Guest's picture

It is amazing to think just how much money the stores and companies that sell extended warranties must make! It's basically like pure profit, because I would guess that for many of the ones that are sold, the item does not break during the warranty period, so it's just 100% profit right to them. I agree - they are not necessary and are very expensive.

Guest's picture

I've seen that some extended warranties pay off. Something like a laptop if you do a lot of traveling may be a good candidate. I've known people who aren't very careful with their cell phone and have to buy a new smartphone a couple of times a year.

Some extended warranties cover these of damages and can be boon to some.

Guest's picture
Guest

#5 bears repeating! Your health should take priority over everything else. Unfortunately, it's a challenge when you're surrounded by people who think sleep is optional and who think people who have time to exercise and eat right aren't working hard enough.

Guest's picture

This post is on the money (if you will pardon the pu).

I have to chime in on extended warranties-- I think they are one of the biggest rackets going . . .

As mentioned, most products already come with warranties and to take it a step further, is the product that questionable that it needs to be warrantied? Something to think about when making the purchase in the first place!

Guest's picture
Bontempfeline

Being a longtime frugalizer, I always turned down extended warranties. Fortunately, my husband bought the 3-year on an LCD TV which went on the fritz after 2.5 years. (He actually bought it because the cashier quoted and sold us the 3-year at a 1-year price, and we took it without realizing it.)

The TV needed a new board, which was no longer manufactured. We wound up with a check for the entire amount, including the tax; almost $900. We paid only $40 for the extended warranty, but, would that have been worth $100? I think so.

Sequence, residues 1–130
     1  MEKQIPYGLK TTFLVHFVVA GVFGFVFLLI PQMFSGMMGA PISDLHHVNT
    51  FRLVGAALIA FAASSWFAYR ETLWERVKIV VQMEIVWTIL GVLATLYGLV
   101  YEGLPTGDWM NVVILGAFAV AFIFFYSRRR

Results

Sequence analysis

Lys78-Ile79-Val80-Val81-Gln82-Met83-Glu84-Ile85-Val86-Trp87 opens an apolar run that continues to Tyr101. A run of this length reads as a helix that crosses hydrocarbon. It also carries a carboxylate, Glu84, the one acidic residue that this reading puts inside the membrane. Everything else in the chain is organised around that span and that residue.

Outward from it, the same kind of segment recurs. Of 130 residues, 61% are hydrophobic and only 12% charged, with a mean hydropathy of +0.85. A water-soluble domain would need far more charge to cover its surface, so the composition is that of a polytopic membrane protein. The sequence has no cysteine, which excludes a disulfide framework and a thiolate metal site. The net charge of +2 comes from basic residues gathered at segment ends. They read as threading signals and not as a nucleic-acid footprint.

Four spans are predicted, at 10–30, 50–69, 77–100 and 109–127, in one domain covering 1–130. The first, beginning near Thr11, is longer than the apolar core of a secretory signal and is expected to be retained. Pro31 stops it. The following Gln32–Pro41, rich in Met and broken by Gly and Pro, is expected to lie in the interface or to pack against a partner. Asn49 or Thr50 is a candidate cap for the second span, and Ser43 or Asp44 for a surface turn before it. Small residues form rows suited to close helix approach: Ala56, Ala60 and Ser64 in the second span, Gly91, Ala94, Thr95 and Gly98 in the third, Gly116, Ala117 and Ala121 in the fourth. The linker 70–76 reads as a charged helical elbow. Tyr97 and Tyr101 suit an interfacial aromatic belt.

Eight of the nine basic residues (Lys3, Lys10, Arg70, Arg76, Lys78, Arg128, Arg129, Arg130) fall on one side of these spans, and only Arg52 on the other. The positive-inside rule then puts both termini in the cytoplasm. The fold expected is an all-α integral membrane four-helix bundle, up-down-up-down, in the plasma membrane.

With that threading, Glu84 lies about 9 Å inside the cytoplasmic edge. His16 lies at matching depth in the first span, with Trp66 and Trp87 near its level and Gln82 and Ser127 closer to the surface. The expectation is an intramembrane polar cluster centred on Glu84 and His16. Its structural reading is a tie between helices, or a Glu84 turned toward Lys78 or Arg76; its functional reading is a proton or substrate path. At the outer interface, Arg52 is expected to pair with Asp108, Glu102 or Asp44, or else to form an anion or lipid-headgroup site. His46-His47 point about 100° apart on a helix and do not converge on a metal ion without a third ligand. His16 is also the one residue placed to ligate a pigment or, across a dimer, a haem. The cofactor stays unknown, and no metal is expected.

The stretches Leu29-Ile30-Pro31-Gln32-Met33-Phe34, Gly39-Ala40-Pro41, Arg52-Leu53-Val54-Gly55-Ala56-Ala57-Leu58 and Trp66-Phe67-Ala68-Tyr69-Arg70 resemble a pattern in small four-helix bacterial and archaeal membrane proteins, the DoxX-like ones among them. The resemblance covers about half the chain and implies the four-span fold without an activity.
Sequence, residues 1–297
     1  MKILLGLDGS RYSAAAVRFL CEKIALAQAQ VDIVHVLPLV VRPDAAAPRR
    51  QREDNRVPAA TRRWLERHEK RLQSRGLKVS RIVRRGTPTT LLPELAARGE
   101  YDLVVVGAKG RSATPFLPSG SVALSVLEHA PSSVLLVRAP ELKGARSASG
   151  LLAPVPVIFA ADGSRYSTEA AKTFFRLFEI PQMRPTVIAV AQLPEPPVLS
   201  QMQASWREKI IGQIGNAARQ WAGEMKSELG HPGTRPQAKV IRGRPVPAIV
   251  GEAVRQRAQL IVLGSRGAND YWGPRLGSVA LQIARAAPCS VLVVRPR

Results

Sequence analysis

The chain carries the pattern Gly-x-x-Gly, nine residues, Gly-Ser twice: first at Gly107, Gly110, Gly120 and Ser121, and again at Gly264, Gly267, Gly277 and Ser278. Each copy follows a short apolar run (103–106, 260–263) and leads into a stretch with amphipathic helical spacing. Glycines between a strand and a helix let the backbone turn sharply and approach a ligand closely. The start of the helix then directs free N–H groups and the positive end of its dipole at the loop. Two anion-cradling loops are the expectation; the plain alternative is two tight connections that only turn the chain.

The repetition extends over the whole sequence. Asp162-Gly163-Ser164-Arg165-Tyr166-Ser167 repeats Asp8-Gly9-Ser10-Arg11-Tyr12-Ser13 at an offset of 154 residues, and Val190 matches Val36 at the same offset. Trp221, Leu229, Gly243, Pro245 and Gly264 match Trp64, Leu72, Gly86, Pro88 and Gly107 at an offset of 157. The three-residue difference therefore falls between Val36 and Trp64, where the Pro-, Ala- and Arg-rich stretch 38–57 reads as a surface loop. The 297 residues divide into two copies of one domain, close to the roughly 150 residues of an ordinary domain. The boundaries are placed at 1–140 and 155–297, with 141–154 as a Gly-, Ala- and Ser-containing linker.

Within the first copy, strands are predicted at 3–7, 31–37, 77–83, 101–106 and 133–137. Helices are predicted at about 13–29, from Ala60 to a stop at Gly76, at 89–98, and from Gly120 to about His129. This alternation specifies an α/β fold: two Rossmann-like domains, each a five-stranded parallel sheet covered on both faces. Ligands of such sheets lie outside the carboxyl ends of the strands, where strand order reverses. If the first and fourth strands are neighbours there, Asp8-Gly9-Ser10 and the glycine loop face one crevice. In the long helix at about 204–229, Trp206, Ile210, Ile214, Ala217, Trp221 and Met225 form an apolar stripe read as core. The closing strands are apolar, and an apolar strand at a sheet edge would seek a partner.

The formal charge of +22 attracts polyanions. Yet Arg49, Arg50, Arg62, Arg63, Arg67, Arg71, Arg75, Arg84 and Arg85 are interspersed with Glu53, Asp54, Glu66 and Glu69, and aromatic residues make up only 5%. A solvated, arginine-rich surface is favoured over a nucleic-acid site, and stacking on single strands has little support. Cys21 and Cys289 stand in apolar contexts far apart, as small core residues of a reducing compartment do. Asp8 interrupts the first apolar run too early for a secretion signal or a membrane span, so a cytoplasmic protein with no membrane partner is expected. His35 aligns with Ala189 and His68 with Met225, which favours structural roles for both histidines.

I think it all depends on the ratio warranty price to product price.

Guest's picture
Michelle

Bontempfeline, it would depend on the ratio of the warranty price to the product price, and all that divided by the chance that you will need to use the warranty. So even if the warranty costs only 3% of the product price, if the chance you need to use it is only .5%, you shouldn't buy it.

(That is an oversimplification. Basically, you want the warranty to cost less than its expected value, which is what you get if you take each thing that can go wrong, multiply the cost of it going wrong times the probability of it going wrong, and add up all of those. Also left out is the value of avoiding risk--but unlike with your health, where you could end up with a million dollar cancer treatment or something, the most you would be risking is the price of the item. For most things, I daresay that if you can't afford to save up for it twice, you probably can't afford it the first time.)

Guest's picture
Bontempfeline

I must defer to your logic. However, I'm still very glad I had that TV warranty!

Guest's picture
jacktukis

6) Don't get into fender benders like I did this morning (snow, Chicago). D'oh.

Guest's picture
Ken

Our health is one of our most valuable investments. I can't trade this bod in at Walmart. It's the only one I have. I better take care of it.

Guest's picture
cupcakegirl27

The extended warranties are good for the big items washers, dryers, fridges, etc. Also really good if you have kids and buy the expensive Wii or Xbox 360. Kids are a little hard on those items and the warranties do pay off on the bigger and expensive items.

rstlne's picture
rstlne

One loyalty that I questioned was the landline phone. I realized that I kept it only because I wanted to make cheap international calls. So I replaced it with a phone card.

Guest's picture
Mickey Rat

Here's a tip I just used. When I went to visit my daughter out of town, I was afraid to run up bills on my phone because I have a local plan. I went to Walmart and bought a Tracfone that came loaded with minutes and a card for a few extra ones.

By doing this, I was able to control how much I spent and not go over minutes. Good deal!

Guest's picture
kmd

I was expecting a long winded list of tips of do's and dont's on the other side of the normal lists of tips .. Unexpectly I was pleasantly surprised by this article.

Tisha Tolar's picture

just wanted to say thanks for all the kind words about this post! I appreciate it and am glad the tips helped!

 

 

Guest's picture
Victorino

Reconsidering our loyalty to products and companies is a great personal finance tip that many people took for granted.
And of course yes, our health is always a good investment that will keep us away from medical expenses in the future.

Guest's picture
joel gray

I think getting a college plan is one of the best gifts you can give to your children. Thanks for sharing these advices. If you get the chance, feel free to visit my site for helpful finance tips.